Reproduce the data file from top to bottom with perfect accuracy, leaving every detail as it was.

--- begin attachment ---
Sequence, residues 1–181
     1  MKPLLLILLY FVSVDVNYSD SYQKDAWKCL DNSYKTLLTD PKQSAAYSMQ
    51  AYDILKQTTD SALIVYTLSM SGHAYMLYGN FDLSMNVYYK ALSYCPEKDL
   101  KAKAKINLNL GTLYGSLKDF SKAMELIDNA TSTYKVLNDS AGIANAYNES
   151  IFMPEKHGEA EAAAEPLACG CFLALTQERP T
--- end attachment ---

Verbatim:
Sequence, residues 1–181
     1  MKPLLLILLY FVSVDVNYSD SYQKDAWKCL DNSYKTLLTD PKQSAAYSMQ
    51  AYDILKQTTD SALIVYTLSM SGHAYMLYGN FDLSMNVYYK ALSYCPEKDL
   101  KAKAKINLNL GTLYGSLKDF SKAMELIDNA TSTYKVLNDS AGIANAYNES
   151  IFMPEKHGEA EAAAEPLACG CFLALTQERP T